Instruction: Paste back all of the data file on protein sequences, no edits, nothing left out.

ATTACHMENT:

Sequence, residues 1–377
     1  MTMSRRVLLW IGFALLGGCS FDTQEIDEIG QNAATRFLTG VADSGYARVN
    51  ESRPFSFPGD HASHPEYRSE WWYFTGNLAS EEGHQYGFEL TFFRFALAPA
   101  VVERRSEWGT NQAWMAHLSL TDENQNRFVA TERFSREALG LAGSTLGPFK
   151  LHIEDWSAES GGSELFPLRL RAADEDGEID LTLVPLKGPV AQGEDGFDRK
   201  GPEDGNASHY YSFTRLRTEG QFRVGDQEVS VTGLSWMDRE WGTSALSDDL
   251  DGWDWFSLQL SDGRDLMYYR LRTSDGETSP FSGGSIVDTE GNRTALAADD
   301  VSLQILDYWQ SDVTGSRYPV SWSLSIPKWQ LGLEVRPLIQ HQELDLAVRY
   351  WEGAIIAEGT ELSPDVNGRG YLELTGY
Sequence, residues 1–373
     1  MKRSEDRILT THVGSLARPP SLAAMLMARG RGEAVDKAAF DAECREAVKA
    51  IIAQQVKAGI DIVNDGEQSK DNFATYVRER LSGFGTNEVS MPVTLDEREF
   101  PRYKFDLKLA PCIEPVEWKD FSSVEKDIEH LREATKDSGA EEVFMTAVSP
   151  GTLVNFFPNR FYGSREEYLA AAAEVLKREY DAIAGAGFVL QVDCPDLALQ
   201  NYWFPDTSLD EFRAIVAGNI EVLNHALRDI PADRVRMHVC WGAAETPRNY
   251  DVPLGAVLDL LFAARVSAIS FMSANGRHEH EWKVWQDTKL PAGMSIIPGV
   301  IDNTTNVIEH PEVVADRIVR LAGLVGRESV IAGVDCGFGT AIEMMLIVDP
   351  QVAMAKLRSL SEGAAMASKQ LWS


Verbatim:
Sequence, residues 1–377
     1  MTMSRRVLLW IGFALLGGCS FDTQEIDEIG QNAATRFLTG VADSGYARVN
    51  ESRPFSFPGD HASHPEYRSE WWYFTGNLAS EEGHQYGFEL TFFRFALAPA
   101  VVERRSEWGT NQAWMAHLSL TDENQNRFVA TERFSREALG LAGSTLGPFK
   151  LHIEDWSAES GGSELFPLRL RAADEDGEID LTLVPLKGPV AQGEDGFDRK
   201  GPEDGNASHY YSFTRLRTEG QFRVGDQEVS VTGLSWMDRE WGTSALSDDL
   251  DGWDWFSLQL SDGRDLMYYR LRTSDGETSP FSGGSIVDTE GNRTALAADD
   301  VSLQILDYWQ SDVTGSRYPV SWSLSIPKWQ LGLEVRPLIQ HQELDLAVRY
   351  WEGAIIAEGT ELSPDVNGRG YLELTGY
Sequence, residues 1–373
     1  MKRSEDRILT THVGSLARPP SLAAMLMARG RGEAVDKAAF DAECREAVKA
    51  IIAQQVKAGI DIVNDGEQSK DNFATYVRER LSGFGTNEVS MPVTLDEREF
   101  PRYKFDLKLA PCIEPVEWKD FSSVEKDIEH LREATKDSGA EEVFMTAVSP
   151  GTLVNFFPNR FYGSREEYLA AAAEVLKREY DAIAGAGFVL QVDCPDLALQ
   201  NYWFPDTSLD EFRAIVAGNI EVLNHALRDI PADRVRMHVC WGAAETPRNY
   251  DVPLGAVLDL LFAARVSAIS FMSANGRHEH EWKVWQDTKL PAGMSIIPGV
   301  IDNTTNVIEH PEVVADRIVR LAGLVGRESV IAGVDCGFGT AIEMMLIVDP
   351  QVAMAKLRSL SEGAAMASKQ LWS